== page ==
Roy, S.J., Collins N.C., Munns R (2016) Abiotic stress genes and mechniams in wheat. In Encyclopedia of Food Grains, Elsevier

Takahashi F, Tilbrook, J., Trittermann, C., Berger, B., Roy, S.J., Seki, M., Shinozaki, K., Tester, M. (2015) Comparison of leaf sheath transcriptome profiles with physiological traits of bread wheat cultivars under salinity stress. PLoS One 10: e0133322

Adem, G.D., Roy, S.J., Plett, D.C., Zhou, M., Bowman, J.P., Shabala, S. (2015) Expressing AtNHX1 in barley (Hordeum vulgare L.) does not improve plant performance under saline conditions. Plant Growth Regulation DOI 10.1007/s10725-015-0063-9

Thoday-Kennedy, E.L., Jacobs, A.K., Roy, S.J. (2015) The role of the CBL-CIPK calcium signalling network in regulating ion transport in response to abiotic stress. Plant Growth Regulation 76: 3-12

Schmoeckel, S.M., Garcia, A.F., Berger, B. Tester, M., Webb, A.A.R., Roy, S.J. (2015) Different NaCl-induced calcium signatures in Arabidopsis thaliana genotypes Col-0 and C24. PLoS One. DOI: 10.1371/journal.pone.0117564

Hairmansis, A., Berger B., Tester M., Roy S.J. (2014) Image-based phenotyping for non-destructive screening of different salinity tolerance traits in rice. Rice 7:16

Adem, G.D., Roy, S.J., Zhou, M., Bowman, J.P., Shabala (2014) Evaluating contribution of ionic, osmotic and oxidative stress components towards salinity tolerance in barley. BMC Plant Biology. 14: 113

Roy, S.J., Negrão, S. and Tester, M. (2014) Salt resistant crop plants. Current Opinion in Biotechnology 26: 115-124.

Schilling R., Marschner, P., Shavrukov, Y., Berger, B., Tester, M., Roy, S.J.#, Plett, D. (2014) Expression of the Arabidopsis vacuolar H+-pyrophosphatase gene (AVP1) improves the shoot biomass of transgenic barley and increases grain yield in a saline field. Plant Biotechnology Journal 12: 378-386

Tilbrook, J. and Roy, S.J. (2013) Salinity Tolerance In Plant abiotic stress, 2nd edition, M.A. Jenks and P.M. Hasegawa eds, Wiley-Blackwell Publishing, New York, USA

Roy, S.J., Huang, W., Wang, X.J., Evrard, A., Schmoeckel, S.M., Zafar, Z.U. Tester, M. (2013) A novel protein kinase involved in Na+ exclusion revealed from positional cloning, Plant, Cell and Environment 36: 553-568.

Shavrukov, Y., Bovil, J., Afzal,I., Hayes, J., Roy, S.J., Tester, M., Collins, N.C. (2013) HVP10 encoding V-PPase is a prime candidate for the barley HvNAX3 sodium exclusion gene - evidence from fine mapping and expression analysis, Planta 4: 1111-1122

Roy, S.J., Conn, S.J., Mayo, G.M., Athman, A. and Gilliham (2012) Transcriptomics on small samples. In Plant salt tolerance, methods and protocols; Methods in Molecular Biology 913: 335-350 T.A. Cuin and S. Shabala, eds Humana Press, Springer, New York, USA

Roy, S.J. and Tester, M. (2012) Approaches for increasing salinity tolerance of crops, in Encyclopedia of sustainable science and Technology, R.A. Meyers, ed, Springer, New York, USA

Roy, S.J., Tester, M. and Gaxiola, R. A., Flowers, T. J., (2012) Plants of Saline Environments, in McGraw-Hill Encyclopaedia of Science and Technology, McGraw-Hill, New York, USA

Roy, S.J., Tucker, E. & Tester, M. (2011) Genetic analysis of abiotic stress tolerance in crop plants. Current Opinion in Plant Biology 14: 1-8

Golzarian, M.R., Frick, R.A., Rajendran, K., Berger, B., Roy, S.J., Tester, M., Lun, D.S. (2011) Accurate inference of cereal plant biomass using information extracted from high-throughput plant images, Plant Methods 7:2

Plett, D.C., Safwat, G., Møller, I.S., Gilliham, M., Roy, S.J., Shirley, N., Jacobs, A., Johnson, A.A.J. and Tester, M. Improved salinity tolerance of rice through cell type-specific expression of AtHKT1;1, PLoS One. 5: e12571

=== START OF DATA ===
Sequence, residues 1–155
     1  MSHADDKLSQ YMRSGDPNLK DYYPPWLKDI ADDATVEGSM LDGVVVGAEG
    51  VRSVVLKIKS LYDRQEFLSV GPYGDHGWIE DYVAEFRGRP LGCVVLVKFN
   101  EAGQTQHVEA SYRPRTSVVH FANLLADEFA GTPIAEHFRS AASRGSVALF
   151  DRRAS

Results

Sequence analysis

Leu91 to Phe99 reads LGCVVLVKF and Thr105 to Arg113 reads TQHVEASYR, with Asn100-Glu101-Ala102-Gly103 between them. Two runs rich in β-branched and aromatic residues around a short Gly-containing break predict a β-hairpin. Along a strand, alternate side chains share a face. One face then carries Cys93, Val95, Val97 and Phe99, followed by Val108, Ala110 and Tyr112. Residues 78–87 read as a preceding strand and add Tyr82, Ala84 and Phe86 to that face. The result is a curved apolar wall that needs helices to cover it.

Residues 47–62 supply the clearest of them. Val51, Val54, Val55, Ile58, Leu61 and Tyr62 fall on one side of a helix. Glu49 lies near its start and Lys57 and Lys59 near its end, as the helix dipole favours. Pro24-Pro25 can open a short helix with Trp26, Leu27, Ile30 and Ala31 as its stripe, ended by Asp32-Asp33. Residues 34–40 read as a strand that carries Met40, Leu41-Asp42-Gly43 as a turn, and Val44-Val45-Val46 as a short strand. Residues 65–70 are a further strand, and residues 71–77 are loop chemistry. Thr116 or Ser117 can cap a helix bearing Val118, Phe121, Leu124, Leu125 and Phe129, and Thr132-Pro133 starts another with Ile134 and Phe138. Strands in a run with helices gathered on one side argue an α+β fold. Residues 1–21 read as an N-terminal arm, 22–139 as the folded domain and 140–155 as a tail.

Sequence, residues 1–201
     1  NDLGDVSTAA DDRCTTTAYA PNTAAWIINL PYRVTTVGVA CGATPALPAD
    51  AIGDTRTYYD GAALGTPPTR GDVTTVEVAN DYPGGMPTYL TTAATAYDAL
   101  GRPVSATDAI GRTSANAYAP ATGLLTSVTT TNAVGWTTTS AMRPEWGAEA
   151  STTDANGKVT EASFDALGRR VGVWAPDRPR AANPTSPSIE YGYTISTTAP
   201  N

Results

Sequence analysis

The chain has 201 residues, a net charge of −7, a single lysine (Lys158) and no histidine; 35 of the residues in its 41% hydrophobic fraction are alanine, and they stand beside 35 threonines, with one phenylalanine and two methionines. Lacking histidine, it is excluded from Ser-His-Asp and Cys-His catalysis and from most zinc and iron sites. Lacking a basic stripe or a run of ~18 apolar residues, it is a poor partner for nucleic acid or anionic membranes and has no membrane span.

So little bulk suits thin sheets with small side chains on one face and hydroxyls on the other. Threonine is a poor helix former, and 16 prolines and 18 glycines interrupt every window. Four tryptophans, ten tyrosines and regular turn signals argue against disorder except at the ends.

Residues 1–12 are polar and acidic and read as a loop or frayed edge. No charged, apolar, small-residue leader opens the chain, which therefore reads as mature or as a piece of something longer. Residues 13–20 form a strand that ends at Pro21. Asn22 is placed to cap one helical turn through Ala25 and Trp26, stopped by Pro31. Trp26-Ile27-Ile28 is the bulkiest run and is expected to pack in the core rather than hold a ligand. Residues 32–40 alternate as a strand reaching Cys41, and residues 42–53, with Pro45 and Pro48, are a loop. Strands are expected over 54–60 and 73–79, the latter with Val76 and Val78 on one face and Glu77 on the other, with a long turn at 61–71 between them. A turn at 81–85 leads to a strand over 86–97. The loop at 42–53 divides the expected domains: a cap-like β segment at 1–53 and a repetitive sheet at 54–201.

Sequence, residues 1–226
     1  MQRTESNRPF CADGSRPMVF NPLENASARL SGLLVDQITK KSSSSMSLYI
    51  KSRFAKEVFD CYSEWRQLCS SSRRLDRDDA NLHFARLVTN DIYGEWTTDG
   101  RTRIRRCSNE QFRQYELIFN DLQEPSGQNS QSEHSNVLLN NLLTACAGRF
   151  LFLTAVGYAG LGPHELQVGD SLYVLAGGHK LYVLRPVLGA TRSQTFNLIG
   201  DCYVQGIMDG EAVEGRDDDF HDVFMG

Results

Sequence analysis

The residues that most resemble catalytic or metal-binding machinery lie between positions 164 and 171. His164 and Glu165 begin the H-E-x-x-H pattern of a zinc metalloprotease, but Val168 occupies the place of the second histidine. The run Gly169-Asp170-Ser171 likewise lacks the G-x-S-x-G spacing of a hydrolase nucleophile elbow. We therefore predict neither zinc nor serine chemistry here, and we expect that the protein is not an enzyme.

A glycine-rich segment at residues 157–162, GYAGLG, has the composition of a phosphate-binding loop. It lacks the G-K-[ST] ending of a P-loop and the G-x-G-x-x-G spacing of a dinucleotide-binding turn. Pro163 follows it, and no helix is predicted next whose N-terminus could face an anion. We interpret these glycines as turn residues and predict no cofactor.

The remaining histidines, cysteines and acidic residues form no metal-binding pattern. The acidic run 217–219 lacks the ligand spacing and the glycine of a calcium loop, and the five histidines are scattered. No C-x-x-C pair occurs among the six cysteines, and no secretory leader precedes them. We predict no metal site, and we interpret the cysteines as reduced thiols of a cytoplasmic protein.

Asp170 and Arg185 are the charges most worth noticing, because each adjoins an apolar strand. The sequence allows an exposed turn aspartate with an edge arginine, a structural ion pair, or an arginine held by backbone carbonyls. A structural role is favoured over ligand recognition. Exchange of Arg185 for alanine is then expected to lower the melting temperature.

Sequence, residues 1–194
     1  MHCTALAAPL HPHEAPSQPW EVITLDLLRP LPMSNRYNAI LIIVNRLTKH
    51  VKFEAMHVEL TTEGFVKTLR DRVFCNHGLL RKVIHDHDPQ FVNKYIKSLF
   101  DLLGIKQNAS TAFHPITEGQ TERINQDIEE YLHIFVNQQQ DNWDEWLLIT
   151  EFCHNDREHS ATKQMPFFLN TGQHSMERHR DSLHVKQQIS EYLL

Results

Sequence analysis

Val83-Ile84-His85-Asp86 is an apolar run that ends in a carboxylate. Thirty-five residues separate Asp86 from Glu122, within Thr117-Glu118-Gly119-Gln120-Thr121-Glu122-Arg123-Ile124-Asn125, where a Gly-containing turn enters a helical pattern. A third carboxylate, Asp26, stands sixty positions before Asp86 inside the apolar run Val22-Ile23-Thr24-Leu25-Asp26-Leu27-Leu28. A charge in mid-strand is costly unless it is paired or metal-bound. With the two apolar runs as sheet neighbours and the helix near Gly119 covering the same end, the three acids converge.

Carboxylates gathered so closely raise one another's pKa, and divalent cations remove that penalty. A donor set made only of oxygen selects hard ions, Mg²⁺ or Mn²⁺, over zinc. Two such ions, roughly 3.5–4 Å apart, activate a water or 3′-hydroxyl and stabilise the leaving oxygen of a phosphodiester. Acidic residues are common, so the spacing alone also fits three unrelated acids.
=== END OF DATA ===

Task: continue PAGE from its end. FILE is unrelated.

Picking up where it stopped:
Jha, D., Shirley, N., Tester, M. & Roy, S.J. (2010) Variation in salinity tolerance and shoot sodium accumulation in Arabidopsis ecotypes linked to differences in the natural expression levels of transporters involved in sodium transport. Plant, Cell & Environment 33: 793-804

Møller, I.S., Gilliham, M., Jha, D., Mayo, G.M., Roy, S.J., Coates, J.C., Haseloff, J. and Tester, M. (2009) Shoot Na+ exclusion and increased salinity tolerance engineered by cell type-specific alteration of Na+ transport in Arabidopsis. The Plant Cell 21:2163-2178

Rajendran, K., Tester, M. & Roy, S.J. (2009) Quantifying the three main components of salinity tolerance in cereals. Plant, Cell & Environment 32, 237-249

Roy, S.J., Gilliham, M., Berger, B., Essah, P.A., Cheffings, C., Miller, A.J., Widdowson, L., Davenport, R.J., Liu, L.-H., Skynner, M.J., Davies, J.M., Richardson, P., Leigh, R.A. and Tester, M. (2008) Investigating glutamate receptor-like gene co-expression in Arabidopsis thaliana. Plant, Cell & Environment 31: 861-871

Schnurbusch, T., Huang, C., Collins, N.C., Sutton, T., John, U., Roy, S., Paltridge, N., Tester, M., Langridge P. & Fincher, G.B. (2007) GM wheat and barley II. Prospects for enhanced productivity and quality. Agricultural Science 21: 4-10.

Wagstaff C., Rogers H., Buchanan-Wollaston, V., Bramke, I., Stead, A., Roy, S., Leigh R. (2006) Expression profiling from single cells of senescing plant tissues. Comparative Biochemistry and Physiology A - Molecular & Integrative Physiology 143:S120-120

Roy, S.J., Cuin, T.A. and Leigh, R.A. (2003) Nanolitre-scale assays to determine the activities of enzymes in individual plant cells, Plant J. 34: 555-564.




Roy, S.J. & Tester M. Salinity tolerance in plants, WO2010/025513.

Tester, M., Kaiser, B., Carter, S., Shearer, M., Plett, D., Roy, S.J., Cotsaftis, O., Tyerman, S. & Okamoto, M. Cation channel activity, PCT/AU2010001256.


Hopes for a salt-tolerant barley lift after first test

GRDC scholar anchors barley trial


Australia and Saudi Arabia work on grain crops





Entry last updated: Thursday, 29 Sep 2016

The information in this directory is provided to support the academic, administrative and business activities of the University of Adelaide. To facilitate these activities, entries in the University Phone Directory are not limited to University employees. The use of information provided here for any other purpose, including the sending of unsolicited commercial material via email or any other electronic format, is strictly prohibited. The University reserves the right to recover all costs incurred in the event of breach of this policy.